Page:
Social Dominance and Rape
I am not sure how many readers hear listen to comedy but a huge issue emerged in the stand-up world when comedian Daniel Tosh. During one of his stand-up performances, Mr. Tosh was discussing about how rape jokes could be funny when a female member of the audience heckling that “rape jokes are never funny.” In response to this heckle, Mr. Tosh replied “wouldn’t it be funny if that girl got raped by like, 5 guys right now?” This poorly constructed retort (and I say poorly since as a fan of some of his work, I know that Mr. Tosh could have made a much better retort) led to a spark of outrage among feminists who found the remark offensive, resulting in a debate on the use of a rape joke to put down a woman who angered him.
I do not want this article to focus on the justification of rape jokes or whether Mr. Tosh was wrong to use a rape joke to get back at a woman who offended him. Unlike other professions, comedians are not properly respected at their place of work since audience members feel they have the right to critique or “heckle” comedians for their jokes if they are not funny or offensive, some people going as far as pouring their drinks on the comedian. Do we interrupt the president when he is giving a speech because we do not agree with his beliefs? Do we interrupt the priest? Do we spit on a chef’s food and send it back if it is unappetizing? I do not purport to know what a comedian’s life is like but understanding the effect and rudeness of heckling must be understood to give Mr. Tosh a fair analysis of why he took the action that he did.
However, the anger that results from being heckled does not justify the social threat of rape as a comeback to the comment. The anger that emerged from the remark results not from the use of rape itself as a joke but because it was used as a threat to reaffirm social hierarchy. Although men are not immune to rape, the vast majority of rape cases often result from men being the aggressor and women as the victim. However, due to the cultural stigma against rape as well as underreporting that under represents the prevalence of the crime, rape is a difficult and touchy crime. Although a single post on rape will not do much, hopefully this post could provoke some thoughts about the concept of rape in society and how society can change to better report and eradicate rape crimes in the future.
Before discussing social perceptions of rape, I would like to outline the legal definition of rape as well as some statistics regarding the crime. According to the Indiana criminal code, rape is defined as a Class B felony where the perpetrator “knowingly or intentionally [had] sexual intercourse with a member of the opposite sex when: 1) the other person is compelled by force or the imminent threat of force; 2) the other person is unaware that sexual intercourse is occurring; 3) the other person is so mentally disabled or deficient that consent to intercourse cannot be given.” Rape raises to become a Class A felony when deadly force is used or threatened against the victim when the offense is committed. According to website Crisis Connection, in the United States, a person is sexually assaulted every 45 seconds and it is estimated that 1 out of every 7 (~14%) women in college has been raped although 9 out of 10 of these women never report that rape. Men themselves are not immune with 1 in 10 men raped in his lifetime with 1 in 7 of those victims assaulted before the age of 19. It is estimated that more than 61.5% of rapes are never reported to law enforcement, most likely due to the fact that 74% of sexual assaults are caused by assailants who are well-known to the victim. If you think these statistics to be unexpectedly high, you are not the only one. Government officials themselves were surprised by a survey that found “1 in 5 women have been victims of rape or attempted rape,” with only 84,000 or so rapes reported despite researches’ estimates that there are around 1.3 million cases of rape or attempted rape for American women. Unfortunately, Crisis Connections’ statistics are not too outrageous either as organization RAINN asserts that there are 207,754 victims of sexual assault a year with 54% of sexual assaults not reported. Both organizations provide similar statistics, showing that rape is both underreported and remains quite prevalent.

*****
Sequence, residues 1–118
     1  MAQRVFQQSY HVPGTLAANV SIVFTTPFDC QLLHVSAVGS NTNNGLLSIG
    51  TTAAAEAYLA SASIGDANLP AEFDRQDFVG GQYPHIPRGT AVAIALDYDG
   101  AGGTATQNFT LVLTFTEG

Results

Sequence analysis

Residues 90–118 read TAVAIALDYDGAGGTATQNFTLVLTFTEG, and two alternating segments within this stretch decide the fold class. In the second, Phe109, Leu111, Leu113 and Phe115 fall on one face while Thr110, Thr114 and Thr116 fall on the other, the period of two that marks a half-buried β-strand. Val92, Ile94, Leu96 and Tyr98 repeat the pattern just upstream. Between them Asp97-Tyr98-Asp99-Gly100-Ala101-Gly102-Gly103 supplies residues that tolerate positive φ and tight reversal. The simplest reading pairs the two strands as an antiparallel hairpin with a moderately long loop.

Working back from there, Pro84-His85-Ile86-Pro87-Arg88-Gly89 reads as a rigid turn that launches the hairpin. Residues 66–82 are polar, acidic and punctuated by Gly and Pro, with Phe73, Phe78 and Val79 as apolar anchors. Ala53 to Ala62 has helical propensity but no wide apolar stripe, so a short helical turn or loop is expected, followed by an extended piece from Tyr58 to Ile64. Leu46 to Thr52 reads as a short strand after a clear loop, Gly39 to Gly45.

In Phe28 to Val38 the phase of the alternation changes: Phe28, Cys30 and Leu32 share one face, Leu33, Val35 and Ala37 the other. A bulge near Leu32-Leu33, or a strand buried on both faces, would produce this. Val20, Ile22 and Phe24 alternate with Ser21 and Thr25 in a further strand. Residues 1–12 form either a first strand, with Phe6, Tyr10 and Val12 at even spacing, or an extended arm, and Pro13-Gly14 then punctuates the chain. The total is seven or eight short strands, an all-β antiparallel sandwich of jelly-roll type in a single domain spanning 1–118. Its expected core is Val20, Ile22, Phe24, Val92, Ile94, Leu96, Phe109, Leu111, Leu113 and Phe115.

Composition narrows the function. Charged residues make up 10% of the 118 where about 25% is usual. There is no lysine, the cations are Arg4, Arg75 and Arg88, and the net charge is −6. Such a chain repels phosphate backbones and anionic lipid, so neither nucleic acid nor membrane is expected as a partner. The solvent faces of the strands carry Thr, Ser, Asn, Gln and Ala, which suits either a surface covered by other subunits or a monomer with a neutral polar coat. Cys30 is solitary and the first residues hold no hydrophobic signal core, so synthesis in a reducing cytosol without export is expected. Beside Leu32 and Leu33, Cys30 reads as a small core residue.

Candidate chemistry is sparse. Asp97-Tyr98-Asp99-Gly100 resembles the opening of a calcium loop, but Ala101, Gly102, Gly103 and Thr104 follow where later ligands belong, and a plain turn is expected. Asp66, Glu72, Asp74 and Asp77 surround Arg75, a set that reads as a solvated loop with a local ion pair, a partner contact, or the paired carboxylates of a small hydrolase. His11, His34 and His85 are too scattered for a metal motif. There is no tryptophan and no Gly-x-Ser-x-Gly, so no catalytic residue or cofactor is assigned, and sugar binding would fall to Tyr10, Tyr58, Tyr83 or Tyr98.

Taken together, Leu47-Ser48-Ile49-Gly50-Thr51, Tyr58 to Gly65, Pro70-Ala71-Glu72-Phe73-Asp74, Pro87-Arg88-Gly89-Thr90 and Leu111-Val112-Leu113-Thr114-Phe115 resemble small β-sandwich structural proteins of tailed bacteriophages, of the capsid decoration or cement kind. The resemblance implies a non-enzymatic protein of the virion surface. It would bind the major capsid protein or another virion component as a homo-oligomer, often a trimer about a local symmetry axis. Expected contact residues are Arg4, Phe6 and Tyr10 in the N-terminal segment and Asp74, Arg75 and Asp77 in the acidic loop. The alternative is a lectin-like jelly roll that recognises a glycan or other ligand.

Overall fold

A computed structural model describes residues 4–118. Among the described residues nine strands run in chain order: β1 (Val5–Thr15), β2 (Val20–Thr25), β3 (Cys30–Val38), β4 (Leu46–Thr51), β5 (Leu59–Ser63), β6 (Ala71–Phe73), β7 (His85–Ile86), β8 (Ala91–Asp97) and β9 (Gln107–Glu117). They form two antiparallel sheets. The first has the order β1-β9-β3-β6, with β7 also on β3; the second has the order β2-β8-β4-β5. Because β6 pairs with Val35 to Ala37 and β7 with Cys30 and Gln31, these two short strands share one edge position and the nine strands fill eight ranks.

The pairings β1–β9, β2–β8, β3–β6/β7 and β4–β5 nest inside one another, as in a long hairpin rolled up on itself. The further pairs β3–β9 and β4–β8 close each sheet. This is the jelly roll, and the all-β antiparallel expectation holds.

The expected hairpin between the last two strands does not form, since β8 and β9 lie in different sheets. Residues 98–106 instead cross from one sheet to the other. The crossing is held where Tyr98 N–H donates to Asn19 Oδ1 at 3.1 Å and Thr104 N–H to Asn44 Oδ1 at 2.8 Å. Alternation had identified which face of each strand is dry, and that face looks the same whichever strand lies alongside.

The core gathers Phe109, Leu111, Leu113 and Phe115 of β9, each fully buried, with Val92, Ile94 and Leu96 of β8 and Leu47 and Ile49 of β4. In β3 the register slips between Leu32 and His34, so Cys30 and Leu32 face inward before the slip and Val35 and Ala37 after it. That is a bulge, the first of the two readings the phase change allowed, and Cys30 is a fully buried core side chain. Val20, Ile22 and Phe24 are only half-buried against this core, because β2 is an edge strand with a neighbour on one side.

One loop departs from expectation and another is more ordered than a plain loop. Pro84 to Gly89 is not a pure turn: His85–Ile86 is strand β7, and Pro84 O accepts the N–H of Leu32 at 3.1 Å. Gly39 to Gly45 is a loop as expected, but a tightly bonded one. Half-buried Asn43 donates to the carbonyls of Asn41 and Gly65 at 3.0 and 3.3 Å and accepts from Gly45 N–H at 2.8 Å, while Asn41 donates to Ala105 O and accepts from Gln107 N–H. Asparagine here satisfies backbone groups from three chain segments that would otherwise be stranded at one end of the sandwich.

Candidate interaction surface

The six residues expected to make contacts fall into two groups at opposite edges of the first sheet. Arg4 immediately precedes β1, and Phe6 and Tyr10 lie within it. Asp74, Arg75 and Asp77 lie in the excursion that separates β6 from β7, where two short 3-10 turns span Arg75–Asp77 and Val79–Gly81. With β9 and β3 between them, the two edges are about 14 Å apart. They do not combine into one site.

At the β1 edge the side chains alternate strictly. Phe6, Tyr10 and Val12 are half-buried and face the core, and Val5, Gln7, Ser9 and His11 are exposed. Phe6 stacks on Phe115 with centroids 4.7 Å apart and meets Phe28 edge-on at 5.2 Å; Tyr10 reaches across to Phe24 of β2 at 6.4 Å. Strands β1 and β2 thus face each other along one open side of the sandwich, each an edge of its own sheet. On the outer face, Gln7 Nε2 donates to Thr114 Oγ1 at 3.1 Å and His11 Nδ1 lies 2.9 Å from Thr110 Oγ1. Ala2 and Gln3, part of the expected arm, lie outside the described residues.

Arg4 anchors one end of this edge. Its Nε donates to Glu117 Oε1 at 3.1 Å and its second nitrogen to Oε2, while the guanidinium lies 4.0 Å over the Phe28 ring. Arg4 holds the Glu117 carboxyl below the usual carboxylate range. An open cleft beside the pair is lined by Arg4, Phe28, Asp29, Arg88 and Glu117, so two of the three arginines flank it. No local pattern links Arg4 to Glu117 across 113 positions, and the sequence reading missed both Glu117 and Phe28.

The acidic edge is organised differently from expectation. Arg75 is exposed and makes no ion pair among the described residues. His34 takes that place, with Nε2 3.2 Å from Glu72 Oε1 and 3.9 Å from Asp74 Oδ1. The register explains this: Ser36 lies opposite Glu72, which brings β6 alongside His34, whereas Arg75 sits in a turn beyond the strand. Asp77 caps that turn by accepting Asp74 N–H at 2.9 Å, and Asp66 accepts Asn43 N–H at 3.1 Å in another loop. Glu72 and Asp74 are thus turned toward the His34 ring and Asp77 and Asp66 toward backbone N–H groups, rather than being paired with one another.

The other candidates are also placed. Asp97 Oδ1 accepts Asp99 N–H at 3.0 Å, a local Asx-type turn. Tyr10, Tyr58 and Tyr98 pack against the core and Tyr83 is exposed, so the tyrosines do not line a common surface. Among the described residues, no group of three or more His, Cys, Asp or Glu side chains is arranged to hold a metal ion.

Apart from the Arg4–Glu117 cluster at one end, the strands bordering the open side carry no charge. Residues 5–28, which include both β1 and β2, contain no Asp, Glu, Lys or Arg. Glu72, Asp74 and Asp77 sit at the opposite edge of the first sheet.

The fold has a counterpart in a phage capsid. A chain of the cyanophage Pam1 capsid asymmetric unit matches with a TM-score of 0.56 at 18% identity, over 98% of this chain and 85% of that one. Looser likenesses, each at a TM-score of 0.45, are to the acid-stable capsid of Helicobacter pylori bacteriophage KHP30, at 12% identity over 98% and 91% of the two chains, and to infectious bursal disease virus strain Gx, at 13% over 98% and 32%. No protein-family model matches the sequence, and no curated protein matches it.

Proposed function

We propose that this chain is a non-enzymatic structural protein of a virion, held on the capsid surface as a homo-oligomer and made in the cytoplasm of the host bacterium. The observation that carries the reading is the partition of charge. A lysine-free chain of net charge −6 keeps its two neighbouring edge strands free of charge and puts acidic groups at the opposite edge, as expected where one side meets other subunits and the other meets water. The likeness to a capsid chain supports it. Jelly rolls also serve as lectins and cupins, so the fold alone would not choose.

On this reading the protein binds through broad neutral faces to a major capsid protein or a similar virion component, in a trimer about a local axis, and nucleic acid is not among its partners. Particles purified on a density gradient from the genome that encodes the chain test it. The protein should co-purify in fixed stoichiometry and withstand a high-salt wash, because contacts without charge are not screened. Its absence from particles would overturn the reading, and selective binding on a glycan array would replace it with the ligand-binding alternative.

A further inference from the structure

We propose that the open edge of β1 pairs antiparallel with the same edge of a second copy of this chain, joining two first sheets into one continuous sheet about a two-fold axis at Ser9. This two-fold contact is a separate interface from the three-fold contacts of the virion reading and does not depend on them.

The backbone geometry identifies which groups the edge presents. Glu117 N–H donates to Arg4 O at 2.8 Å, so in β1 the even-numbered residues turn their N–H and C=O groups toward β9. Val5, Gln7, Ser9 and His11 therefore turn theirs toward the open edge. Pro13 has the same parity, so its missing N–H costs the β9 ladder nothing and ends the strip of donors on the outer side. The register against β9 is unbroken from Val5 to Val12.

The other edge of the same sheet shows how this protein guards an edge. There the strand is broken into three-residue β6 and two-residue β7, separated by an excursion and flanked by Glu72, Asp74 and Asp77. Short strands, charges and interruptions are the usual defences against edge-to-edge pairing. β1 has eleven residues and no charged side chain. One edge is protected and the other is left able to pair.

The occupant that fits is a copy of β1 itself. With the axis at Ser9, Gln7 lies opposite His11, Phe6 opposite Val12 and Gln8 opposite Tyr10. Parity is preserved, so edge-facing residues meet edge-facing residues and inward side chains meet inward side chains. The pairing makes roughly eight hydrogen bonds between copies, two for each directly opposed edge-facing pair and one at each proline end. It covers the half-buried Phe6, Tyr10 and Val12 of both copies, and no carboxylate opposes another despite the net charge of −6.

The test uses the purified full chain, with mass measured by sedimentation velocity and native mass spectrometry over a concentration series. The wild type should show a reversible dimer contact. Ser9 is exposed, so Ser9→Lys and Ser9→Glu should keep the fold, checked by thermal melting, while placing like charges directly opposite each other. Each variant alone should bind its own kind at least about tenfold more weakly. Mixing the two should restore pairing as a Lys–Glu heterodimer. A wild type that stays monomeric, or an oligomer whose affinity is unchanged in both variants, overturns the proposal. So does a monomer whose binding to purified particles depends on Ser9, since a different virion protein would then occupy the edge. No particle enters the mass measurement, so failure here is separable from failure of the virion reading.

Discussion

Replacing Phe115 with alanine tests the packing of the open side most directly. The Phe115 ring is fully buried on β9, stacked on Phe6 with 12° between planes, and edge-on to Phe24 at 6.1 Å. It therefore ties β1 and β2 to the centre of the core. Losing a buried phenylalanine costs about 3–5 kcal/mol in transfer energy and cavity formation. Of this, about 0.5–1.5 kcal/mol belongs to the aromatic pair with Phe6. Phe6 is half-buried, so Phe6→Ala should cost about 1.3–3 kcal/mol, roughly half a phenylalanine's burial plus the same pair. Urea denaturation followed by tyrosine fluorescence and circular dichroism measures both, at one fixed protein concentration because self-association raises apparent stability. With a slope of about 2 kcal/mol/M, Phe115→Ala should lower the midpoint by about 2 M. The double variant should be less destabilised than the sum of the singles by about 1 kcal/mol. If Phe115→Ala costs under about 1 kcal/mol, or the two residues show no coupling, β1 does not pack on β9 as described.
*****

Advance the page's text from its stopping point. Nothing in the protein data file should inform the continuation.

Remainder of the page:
However, the average rapist is not a man hiding within the bushes ready to pounce on unwilling victims but individuals much closer to home, literally. Of these assaults, approximately 67% of these assaults are committed by someone known to the victim with 38% of rapists being friends or acquaintances. As you can see, the statistics given by both organizations are not too different, the average sexual assailant profile being a non-stranger who often assaults the victim within 1 mile of their home or at their home from between 6pm to midnight. The average age is 31 years old, 52% reported to be white with 22% reported to be married and 1 in 3 sexual assaults resulting from the perpetrator being intoxicated. Rape is not a crime committed by strangers but by those close to us, essentially betraying our trust and utterly strips us of control which may be why it is so controversial.